It makes sense that wines that are produced in a certain region will naturally be the ideal partners to the food of that region. Founder of The Winemakers Club, John Baum, travels extensively while looking for new wines to import:
‘Food and wine have always gone hand in hand with each other in winemaking regions, evolving through the years to work with one another. In regards to matching food with wine, the best recommendation 90% of the time is if you are creating a dish that originates in a wine country, choose a wine local to the region.’
Food and wine have always gone hand in hand with each other in winemaking regions. Photo: Alamy
So here we begin to uncover the root of some classic matches: aged Nebbiolo’s savoury, earthy funk with white truffles from its home of Piedmont; rich Sangiovese blends with a grilled Tagliata steak in Tuscany; boeuf Bourguignon alongside a drop from up the road (Monsieur Escoffier was on to something). It can be useful to think of elements in a dish that can knock a wine for six, and work backwards.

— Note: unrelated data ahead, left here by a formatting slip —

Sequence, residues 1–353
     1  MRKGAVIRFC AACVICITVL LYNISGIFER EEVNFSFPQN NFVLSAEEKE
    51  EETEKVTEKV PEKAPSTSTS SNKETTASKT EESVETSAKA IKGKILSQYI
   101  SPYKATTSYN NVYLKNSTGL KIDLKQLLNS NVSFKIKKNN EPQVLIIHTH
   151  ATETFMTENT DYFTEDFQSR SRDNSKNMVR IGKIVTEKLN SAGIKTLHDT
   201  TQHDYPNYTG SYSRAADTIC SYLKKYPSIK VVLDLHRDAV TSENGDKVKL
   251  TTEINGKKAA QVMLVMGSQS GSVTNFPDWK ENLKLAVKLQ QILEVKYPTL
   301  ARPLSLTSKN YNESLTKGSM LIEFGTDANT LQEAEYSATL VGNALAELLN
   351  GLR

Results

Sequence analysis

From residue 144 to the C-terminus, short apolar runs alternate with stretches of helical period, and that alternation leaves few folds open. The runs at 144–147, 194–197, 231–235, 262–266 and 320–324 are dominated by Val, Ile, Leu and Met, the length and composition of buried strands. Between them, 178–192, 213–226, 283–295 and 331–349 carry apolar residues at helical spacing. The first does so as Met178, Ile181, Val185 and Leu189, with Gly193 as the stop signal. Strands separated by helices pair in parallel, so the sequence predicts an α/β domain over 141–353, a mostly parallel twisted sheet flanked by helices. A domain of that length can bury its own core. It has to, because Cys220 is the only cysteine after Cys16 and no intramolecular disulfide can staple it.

Chilli flavours: A real, snarling enemy for many wines is chilli heat, ratcheting up the volume of mouth-coating tannins (made up of the skins, pips and stalks) in red wines, and accentuating the perception of higher alcohol wines. Juicy, unoaked, smoothly supple, fruit-forward reds have the best chance here, such as a Chilean Merlot blend (try it if you fancy red rather than a crisp lager with your Indian curry).
Thai cuisine: With added elements of sourness from lime juice, sweetness from palm sugar and aromatic herbs, fiery Thai dishes can do a good job of potentially overshadowing a wine. An off-dry Riesling from the Mosel manages to cope with many of the pitfalls – try a Kabinett from Clemens Busch, a modest 8.5% ABV. Its touch of sweetness helps to tame the heat, deflecting the ‘shoutier’ elements with its own aromatic complexity and bright acidity.
Other aromatic varietals like Pinot Gris and Pinot Blanc (particularly from Alsace) also work well for similar reasons. If you’re not put off by the blowsy, perfumed lychee and rose scent of Gewürztraminer, this could work too.